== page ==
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Issue #1488      9  February 2011

Editorial

Housing – on the list of neo-liberal failures

High on the list of disasters caused by neo-liberal economic and social policy in Australia is its failure to deliver safe and affordable housing for those who need it. Housing stress – where the cost of housing does not leave a person or a family enough to live on after accommodation is paid for – is on the rise. Increasingly, young people and older women are caught up in the crisis. The federal government and its state counterparts make sympathetic noises, commission some schemes and launch endless studies. This is tinkering at the edges. The problem is the system and the abandonment of the proper role of public housing.

The attack on public housing began with the rise of neo-liberalism (or “economic rationalism” as it was known) in the late 1970s and early 80s. Public housing rents were forced up towards the market level. Responsible ministers and departmental spokespersons stopped talking about “public housing” and referred instead to “welfare housing”. Public housing stopped being an option available to most working people and started to become a shrinking safety net for the needy or troubled. Housing stocks diminished as properties were sold off or redeveloped.

We now live with the consequences of this attack on public enterprise. The handbrake on private rents has been removed. The stop gap Centrelink payments for rent assistance are of some limited help to low income earners but do nothing to constrain spiralling average rents. More than ever, the overall housing market has become nothing but a vehicle for speculative investment.

Last week, Sacred Heart Mission chief executive Michael Perusco wrote a column for The Age lamenting Australian governments’ lack of decisive intervention in the widespread housing crisis. He criticised the decision by the Gillard government to cut the target number of affordable homes to be built under the National Rental Affordability Scheme. Under the scheme, tax incentives were to be handed out to private landlords to let newly built homes at below market rents. The number of such homes projected for construction by 2014 has been slashed from 50,000 to 35,000. The scheme fell foul of the cuts made in response to the Queensland floods.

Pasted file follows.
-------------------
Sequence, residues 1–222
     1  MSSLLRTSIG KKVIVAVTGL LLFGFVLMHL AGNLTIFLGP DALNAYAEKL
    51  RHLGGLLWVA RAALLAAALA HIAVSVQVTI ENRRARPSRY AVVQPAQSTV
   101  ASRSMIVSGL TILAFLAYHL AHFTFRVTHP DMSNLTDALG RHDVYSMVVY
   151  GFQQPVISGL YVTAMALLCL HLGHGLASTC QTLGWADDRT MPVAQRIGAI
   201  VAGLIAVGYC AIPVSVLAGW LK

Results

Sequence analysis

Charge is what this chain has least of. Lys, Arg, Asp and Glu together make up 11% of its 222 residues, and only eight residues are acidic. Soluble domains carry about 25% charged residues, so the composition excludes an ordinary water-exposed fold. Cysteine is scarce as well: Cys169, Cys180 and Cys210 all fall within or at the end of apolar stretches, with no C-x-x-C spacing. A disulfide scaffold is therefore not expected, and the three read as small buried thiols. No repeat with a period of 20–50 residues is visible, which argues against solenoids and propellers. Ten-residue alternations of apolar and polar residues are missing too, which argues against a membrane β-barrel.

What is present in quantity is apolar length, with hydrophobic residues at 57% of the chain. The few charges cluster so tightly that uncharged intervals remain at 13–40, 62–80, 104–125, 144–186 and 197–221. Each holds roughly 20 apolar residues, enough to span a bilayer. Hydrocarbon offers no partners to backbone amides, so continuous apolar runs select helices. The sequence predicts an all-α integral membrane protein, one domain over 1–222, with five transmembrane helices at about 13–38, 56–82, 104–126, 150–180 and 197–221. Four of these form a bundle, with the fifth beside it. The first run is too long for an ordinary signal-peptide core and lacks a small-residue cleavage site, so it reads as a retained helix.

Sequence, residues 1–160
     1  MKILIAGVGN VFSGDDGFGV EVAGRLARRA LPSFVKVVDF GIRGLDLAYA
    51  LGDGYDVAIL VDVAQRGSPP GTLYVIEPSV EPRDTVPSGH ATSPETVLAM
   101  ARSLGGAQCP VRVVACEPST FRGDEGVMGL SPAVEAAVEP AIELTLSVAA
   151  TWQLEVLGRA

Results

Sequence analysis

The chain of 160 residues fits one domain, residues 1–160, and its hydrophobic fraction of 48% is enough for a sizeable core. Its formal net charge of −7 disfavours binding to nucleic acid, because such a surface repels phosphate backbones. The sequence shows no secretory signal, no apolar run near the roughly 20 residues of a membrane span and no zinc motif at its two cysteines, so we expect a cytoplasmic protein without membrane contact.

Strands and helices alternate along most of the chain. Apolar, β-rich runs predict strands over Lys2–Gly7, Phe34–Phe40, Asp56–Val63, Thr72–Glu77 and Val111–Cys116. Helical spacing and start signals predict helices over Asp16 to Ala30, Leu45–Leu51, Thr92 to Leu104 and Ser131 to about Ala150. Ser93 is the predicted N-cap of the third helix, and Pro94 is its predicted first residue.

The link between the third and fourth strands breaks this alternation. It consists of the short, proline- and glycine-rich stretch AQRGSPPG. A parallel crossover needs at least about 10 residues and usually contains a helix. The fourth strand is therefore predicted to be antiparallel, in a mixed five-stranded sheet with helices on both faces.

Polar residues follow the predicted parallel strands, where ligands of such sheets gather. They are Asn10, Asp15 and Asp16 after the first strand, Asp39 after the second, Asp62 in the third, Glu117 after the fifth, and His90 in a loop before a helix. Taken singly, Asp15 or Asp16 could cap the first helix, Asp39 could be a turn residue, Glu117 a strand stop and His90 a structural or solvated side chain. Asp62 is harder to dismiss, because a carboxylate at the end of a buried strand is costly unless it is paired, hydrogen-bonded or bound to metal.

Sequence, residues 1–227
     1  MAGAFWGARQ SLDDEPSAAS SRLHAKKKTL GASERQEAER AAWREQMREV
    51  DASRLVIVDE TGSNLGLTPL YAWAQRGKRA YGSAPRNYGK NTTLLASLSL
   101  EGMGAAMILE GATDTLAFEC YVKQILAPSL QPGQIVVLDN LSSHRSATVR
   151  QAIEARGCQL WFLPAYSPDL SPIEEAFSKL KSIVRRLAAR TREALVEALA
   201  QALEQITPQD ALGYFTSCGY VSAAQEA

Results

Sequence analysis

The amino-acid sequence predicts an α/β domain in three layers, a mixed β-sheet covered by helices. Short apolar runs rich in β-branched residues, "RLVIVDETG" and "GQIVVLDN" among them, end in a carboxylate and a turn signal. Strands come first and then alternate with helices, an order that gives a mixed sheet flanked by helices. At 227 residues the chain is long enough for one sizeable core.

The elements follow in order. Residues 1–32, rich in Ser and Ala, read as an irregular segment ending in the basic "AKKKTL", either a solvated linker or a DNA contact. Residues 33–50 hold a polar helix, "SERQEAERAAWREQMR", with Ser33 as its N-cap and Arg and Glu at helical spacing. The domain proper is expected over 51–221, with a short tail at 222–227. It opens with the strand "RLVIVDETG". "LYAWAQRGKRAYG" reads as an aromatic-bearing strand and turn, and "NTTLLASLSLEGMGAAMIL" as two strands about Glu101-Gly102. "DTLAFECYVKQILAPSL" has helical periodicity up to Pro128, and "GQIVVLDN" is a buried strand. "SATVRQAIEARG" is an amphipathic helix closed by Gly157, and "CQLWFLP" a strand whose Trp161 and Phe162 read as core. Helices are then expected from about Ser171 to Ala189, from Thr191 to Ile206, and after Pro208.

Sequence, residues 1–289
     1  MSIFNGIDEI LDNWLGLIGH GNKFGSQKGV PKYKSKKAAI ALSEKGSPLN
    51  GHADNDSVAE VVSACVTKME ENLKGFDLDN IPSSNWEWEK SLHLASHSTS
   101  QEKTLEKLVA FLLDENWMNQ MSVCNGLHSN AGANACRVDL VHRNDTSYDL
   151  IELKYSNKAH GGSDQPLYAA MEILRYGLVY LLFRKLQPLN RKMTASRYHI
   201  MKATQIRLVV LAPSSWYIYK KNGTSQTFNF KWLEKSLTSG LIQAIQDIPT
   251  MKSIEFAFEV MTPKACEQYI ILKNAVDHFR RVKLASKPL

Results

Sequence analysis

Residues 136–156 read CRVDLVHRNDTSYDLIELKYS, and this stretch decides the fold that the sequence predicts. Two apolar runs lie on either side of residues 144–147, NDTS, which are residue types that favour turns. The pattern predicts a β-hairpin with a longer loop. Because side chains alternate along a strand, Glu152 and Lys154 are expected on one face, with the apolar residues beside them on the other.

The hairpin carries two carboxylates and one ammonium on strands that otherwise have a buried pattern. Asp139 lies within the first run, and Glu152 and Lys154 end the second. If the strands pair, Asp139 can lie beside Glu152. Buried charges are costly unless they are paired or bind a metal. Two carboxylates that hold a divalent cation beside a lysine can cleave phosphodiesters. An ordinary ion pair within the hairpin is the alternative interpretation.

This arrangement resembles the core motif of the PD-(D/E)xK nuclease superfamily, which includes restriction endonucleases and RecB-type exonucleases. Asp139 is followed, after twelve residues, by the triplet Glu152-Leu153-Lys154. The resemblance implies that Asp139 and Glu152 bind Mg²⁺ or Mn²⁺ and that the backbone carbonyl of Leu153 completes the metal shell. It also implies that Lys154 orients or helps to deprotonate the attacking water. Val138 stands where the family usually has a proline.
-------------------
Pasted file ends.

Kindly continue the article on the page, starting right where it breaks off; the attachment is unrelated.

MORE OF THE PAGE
Mr Perusco’s exasperation comes from first-hand contact with the victims of decades of bad public policy. He has seen the impact it has had on the physical and mental health of people locked out of the housing market. He called on the federal government to give firm leadership in the matter and lock itself and its state counterparts into a 10-year plan with a target for the construction of 3,000 units of affordable housing a year in Victoria alone. “Safe and affordable housing is a key foundation of any civilised society,” he said.

He is absolutely right and the pressure for action must certainly be kept up. The demands must be expressed but realities must be kept in mind. Calling on governments dominated by the major parties to place a pro-people constraint on a capitalist market is like calling on foxes to eschew eating chickens. Property developers are major donors to the Liberal and Labor Parties. Developers make up an important part of the capitalist class who dominate strategic policy decisions in countries like Australia. They have shaped the property market, including the housing market, just the way they like it – for nice fat profits.

Charities like Sacred Heart Mission do great work helping those who might otherwise be sleeping rough tonight but the job of restoring and extending the role of public housing, of limiting the speculative market for access to this basic right will not be done by Liberal or Labor governments. The job of building the political alternative of left and progressive forces that will meet such a challenge is getting more urgent by the day.  

Next article – Obituary – Desmond (Des) Melrose Donley

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